Insulin mixture: A mixture of insulin that contains short-, intermediate- or long-acting insulin you can buy premixed insulin to eliminate the need for mixing insulin from two bottles.

Insulin pump: A small, computerized device -- about the size of a small cell phone -- that is worn on a belt or put in a pocket insulin pumps have a small flexible tube with a fine needle on the end. The needle is inserted under the skin of the abdomen and taped in place. A carefully measured, steady flow of insulin is released into the body.

Insulin reaction: Another term for hypoglycemia in a person with diabetes this occurs when a person with diabetes has injected too much insulin, eaten too little food, or has exercised without eating extra food.

Insulin receptors: Areas on the outer part of a cell that allow insulin in the blood to join or bind with the cell when the cell and insulin bind together, the cell can take glucose from the blood and use it for energy.

Insulin resistance: When the effect of insulin on muscle, fat, and liver cells becomes less effective this effect occurs with both insulin produced in the body and with insulin injections. Therefore, higher levels of insulin are needed to lower the blood sugar.

Insulin resistance syndrome or metabolic syndrome: This syndrome is defined by a cluster of medical conditions that raise the risk of developing type 2 diabetes and heart disease. A diagnosis is important, because you can make health improvements that lessen the risk.

Insulin resistance syndrome or metabolic syndrome is diagnosed when a person has 3 or more of the following:

  • Blood pressure equal to or higher than 130/85 mmHg
  • Fasting blood sugar (glucose) equal to or higher than 100 mg/dL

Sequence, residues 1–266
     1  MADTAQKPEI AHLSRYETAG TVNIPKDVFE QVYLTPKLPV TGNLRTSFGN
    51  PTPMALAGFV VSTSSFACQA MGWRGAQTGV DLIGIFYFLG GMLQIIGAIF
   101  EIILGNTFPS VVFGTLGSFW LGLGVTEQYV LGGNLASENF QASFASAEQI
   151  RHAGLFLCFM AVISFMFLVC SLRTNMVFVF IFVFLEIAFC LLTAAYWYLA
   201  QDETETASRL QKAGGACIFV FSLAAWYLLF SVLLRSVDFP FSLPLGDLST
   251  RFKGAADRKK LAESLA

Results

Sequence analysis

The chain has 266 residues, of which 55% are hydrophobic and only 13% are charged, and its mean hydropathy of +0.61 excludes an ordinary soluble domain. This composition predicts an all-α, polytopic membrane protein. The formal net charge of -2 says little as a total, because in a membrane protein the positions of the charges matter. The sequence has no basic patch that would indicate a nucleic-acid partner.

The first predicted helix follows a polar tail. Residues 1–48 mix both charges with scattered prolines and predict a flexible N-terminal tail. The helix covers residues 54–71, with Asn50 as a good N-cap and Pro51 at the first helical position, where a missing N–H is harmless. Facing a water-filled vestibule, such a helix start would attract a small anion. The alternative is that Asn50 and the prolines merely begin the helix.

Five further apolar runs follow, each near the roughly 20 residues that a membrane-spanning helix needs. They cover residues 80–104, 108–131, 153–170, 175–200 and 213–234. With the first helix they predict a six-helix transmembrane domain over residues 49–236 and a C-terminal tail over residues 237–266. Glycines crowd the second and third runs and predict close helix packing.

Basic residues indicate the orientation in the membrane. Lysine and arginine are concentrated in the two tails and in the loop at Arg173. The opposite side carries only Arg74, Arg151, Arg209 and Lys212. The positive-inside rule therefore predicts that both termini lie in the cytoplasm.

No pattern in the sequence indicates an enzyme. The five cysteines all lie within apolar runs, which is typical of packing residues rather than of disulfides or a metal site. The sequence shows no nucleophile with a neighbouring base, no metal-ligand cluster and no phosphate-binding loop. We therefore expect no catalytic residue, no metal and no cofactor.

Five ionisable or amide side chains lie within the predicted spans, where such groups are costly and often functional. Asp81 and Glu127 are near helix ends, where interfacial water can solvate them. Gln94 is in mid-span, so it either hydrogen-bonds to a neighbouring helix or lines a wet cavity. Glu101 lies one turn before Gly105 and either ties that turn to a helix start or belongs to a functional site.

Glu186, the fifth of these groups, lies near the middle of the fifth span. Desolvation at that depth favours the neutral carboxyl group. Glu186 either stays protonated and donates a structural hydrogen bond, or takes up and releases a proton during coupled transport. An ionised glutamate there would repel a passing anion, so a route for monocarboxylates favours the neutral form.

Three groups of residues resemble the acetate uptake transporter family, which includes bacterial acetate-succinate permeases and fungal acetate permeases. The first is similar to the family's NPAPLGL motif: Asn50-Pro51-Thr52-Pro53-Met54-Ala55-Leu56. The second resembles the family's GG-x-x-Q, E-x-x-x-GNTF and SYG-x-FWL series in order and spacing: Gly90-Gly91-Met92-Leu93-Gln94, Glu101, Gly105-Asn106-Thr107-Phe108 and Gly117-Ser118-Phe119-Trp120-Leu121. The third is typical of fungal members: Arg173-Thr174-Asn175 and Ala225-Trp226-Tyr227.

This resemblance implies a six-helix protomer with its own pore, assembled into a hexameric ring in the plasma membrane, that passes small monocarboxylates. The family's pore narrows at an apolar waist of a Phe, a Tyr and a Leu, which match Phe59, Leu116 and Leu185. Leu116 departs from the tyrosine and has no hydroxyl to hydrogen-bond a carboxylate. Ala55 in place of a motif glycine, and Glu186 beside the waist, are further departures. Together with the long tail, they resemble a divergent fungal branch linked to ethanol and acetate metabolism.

• Large waist circumference (a waistline of 40 inches or more for men 35 inches or more for a woman)
  • Low HDL cholesterol (under 40mg/dL for men un der 50 mg/dL for women)
  • Triglycerides equal to or higher than 150 mg/dL

Insulin shock: A severe condition that occurs when the level of blood sugar drops quickly.

Intermediate-acting Insulin: Covers insulin needs for about half the day or overnight this type of insulin is often combined with rapid- or short-acting insulin. Includes NPH and Lente.

Intermittent claudication: Pain in the muscles of the legs that occurs off and on, usually while walking or exercising the pain results from atherosclerosis of the blood vessels feeding the muscles of the lower extremities. Claudication usually increases with age and is most common in people in their sixth or seventh decade of life. Risk factors for developing narrowing of the arteries that can cause claudication include smoking cigarettes, high blood pressure, and diabetes. Drugs are available to treat this condition.

Jet injector: A device that uses high pressure to push insulin through the skin and into the tissue.

Juvenile-onset diabetes: Former term used for type 1 diabetes.

Ketoacidosis: See diabetic ketoacidosis (DKA).

Ketone bodies: Often simply called ketones, one of the products of fat burning in the body when there is not enough insulin, your body is unable to use sugar (glucose) for energy and your body breaks down its own fat and protein. When fat is used, ketone bodies, an acid, appear in your urine and blood. A large amount of ketones in your system can lead to a serious condition called ketoacidosis. Ketones can be detected and monitored in your urine at home using products such as Ketostix, Chemstrips, and Acetest. When your blood sugar is consistently greater than 250 mg/dl, if you are ill or if you are pregnant and have diabetes, ketones should be checked regularly.